Observations of decellularized 4-Flow heart conformity and aortic valve competence under cyclic mechanical stimulation and constant perfusion (accellular heart). (A) By monitoring the fluid pressure fluctuations right before the ascending aorta, characteristic pressure fluxes (pink circles) due to PV injection (green triangles) can be distinguished from the relaxed pressure ranges. During rest with only SV and AA perfusion, the heart is at the relaxed phase with the aortic valve closed maintaining pressure ranging from 5–10 mmHg due to the peristaltic perfusion. During the injection phase initiated by the injection of medium (green triangle) through the PV into the left atrium and then to the left ventricle inflating and increasing pressure within a few seconds before the aortic valve opens (pink circle). Once the aortic valve opens, the medium is dissipated into the coronary arteries resulting in lowered ventricular pressure and closing of the aortic valve returning to the rest phase. (B,F) The schematic illustrates the injection route at the PV (rest: gray T, injection: green triangle), perfusion inlets at the AA and SV, flow outlet, and also the state of each valve. With cyclic injection of medium through the PV in addition to continuous perfusion through the SV and AA the heart undergoes a relaxed phase (C) and a stretched phase (G). (C,D,H,I) The cyclic ventricle inflation and deflation, and opening and closing of the aortic valve can be observed through ultrasound imaging.

Discussion

With complex features such as a complete vascular network and a noninvasive route for ventricle pacing, 4-Flow hearts are ideal for decellularizing and repopulating with human cells as the physiological organ model to further understanding of cardiovascular diseases and related therapeutics. Previous investigations of whole heart models focus on optimizing decellularization protocols using different detergents and reagents, and improving repopulation via injections or perfusion with different cells types9,13,14,15,17,20. An important aspect that has been previously overlooked is the retention of the full circulation network of the heart with the proper cannulation for both decellularization and recellularization. Here, we showed that 4-Flow cannulated hearts are optimized for accessibility of the complete vascular network and conservation of whole heart mechanical conformity.

By accessing and controlling the perfusion into a heart via 4-Flow, decellularization is more efficient as compared to the Langendorff hearts with only access through the aorta. Furthermore, monitoring and controlling the fluid pressure right before the aortic valve ensures efficient and proper distribution of perfusates. The 4-flow cannulations has a perfusion pathway into the coronary arteries and cardiac veins as demonstrated by resin casting. The flow of the resin cast confirms the functionality of the aortic valve which is important to effectively deliver the cells through the coronary arteries and into the tissues rather than into the left ventricle chamber. In addition, utilizing the resin to visualize the perfusion pathway rather than dyes distinguishes fluid perfusion from diffusion15,17. Perfusion into both AA and SV directs flow inlet to coronary arteries and cardiac veins and flow outlets through PA and PV during decellularization and recellularization. Furthermore, utilizing perfusion at constant physiological pressure of 75 mmHg, the flow rate fluctuates to accommodate differences between each heart during decellularization4. Consequently, effective and proper decellularization can be completed by using SDS alone without the need for additional detergents1,3,6,9,10,11. Decellularized tissues were cleared of cellular components in addition to retaining important extracellular matrix proteins such as different collagens, elastin, and laminin for cell attachment and agrin a specific vascular protein.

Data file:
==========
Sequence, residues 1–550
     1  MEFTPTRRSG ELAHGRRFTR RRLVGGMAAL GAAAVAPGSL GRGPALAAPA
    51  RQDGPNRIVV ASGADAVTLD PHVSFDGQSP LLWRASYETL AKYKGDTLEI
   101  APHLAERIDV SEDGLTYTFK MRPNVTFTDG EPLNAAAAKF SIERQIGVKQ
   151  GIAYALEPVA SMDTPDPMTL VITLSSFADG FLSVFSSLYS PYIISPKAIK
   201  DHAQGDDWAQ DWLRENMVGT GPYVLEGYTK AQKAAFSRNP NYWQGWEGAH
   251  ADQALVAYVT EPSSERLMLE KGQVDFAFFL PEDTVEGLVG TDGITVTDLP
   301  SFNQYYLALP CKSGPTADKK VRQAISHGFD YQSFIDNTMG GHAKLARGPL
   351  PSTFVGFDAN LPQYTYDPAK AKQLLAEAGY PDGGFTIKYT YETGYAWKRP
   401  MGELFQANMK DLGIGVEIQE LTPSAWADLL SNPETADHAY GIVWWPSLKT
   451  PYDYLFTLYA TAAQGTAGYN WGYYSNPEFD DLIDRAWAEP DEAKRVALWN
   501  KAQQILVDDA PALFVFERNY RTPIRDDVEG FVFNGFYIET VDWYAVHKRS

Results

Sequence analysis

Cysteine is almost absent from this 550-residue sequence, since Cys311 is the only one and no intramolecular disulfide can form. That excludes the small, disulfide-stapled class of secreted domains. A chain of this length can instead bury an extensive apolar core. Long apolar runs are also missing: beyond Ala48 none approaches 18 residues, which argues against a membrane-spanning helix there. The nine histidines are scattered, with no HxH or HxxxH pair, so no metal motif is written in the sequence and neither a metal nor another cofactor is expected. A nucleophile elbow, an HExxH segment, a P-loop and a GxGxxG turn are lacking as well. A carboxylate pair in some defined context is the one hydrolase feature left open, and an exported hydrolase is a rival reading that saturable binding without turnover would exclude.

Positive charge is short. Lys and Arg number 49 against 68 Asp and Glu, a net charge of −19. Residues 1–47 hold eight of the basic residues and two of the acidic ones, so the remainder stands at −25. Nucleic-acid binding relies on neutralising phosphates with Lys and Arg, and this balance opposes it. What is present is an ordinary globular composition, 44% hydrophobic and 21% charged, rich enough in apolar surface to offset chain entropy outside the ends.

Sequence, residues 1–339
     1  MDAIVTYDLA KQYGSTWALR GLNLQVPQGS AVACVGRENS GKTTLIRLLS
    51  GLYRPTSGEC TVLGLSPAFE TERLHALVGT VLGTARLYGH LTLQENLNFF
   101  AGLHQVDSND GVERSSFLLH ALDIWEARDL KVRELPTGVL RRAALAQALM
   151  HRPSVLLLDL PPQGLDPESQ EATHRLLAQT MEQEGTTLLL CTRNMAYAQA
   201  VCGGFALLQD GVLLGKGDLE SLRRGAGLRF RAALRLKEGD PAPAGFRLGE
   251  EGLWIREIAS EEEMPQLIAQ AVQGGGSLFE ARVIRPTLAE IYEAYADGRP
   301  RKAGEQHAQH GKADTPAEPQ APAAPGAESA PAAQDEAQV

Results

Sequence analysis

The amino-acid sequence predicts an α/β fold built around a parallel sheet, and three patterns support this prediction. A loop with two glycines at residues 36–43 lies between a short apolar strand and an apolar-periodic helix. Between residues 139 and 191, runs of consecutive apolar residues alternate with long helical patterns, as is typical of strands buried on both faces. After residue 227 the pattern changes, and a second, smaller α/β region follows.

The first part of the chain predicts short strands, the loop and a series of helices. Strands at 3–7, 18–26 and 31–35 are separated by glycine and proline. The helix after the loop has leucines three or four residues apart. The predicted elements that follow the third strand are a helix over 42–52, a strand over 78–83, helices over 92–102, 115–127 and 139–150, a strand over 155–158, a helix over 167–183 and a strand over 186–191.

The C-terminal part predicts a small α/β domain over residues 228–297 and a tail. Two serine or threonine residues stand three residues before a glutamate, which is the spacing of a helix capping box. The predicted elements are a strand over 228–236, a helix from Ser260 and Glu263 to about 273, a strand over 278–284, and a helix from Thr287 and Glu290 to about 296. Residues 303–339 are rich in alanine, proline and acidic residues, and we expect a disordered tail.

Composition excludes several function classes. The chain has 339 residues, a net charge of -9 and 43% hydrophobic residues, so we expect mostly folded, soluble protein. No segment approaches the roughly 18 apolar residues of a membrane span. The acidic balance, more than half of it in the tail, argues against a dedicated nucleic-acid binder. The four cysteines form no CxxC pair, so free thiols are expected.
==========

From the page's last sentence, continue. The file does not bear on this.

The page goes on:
One recellularization method utilizes injections of cells throughout the tissue which results in high loss of cells, localized distribution at unknown depths, and damage to the delicate tissue matrix10,12. Others have perfused cells through the AA to deliver cells into the coronary arteries; however, without monitoring the fluid pressure it is difficult to confirm the closure of the aortic valve and consequent flow into the arteries13,14,15,17,19,20. With 4-Flow under constant pressure monitoring, perfused cells are delivered with increased vascular coverage through the cardiac veins and coronary arteries with high confidence. Furthermore, distribution of the cells from the vascular network into the tissue is enhanced by increased vascular permeability. The short-term experiments with HEK293 cells demonstrated cell delivery through the SV and AA in which cells distribute throughout the matrix tissue in all chamber walls leaving the vascular lumen clear for undisturbed perfusion flow. Confirming clearance of vasculature ensures transport of medium to all populated areas within the heart. The repopulation with human primary cardiac fibroblasts provides evidence that primary cells have an affinity to the matrix to distribute, proliferate, and migrate under continuous dynamic perfusion. In h-iPS-CPC recellularization, 3 weeks of perfusion culture showed cell dispersion into the matrix and integration aligning with the orientation of the matrix fibers.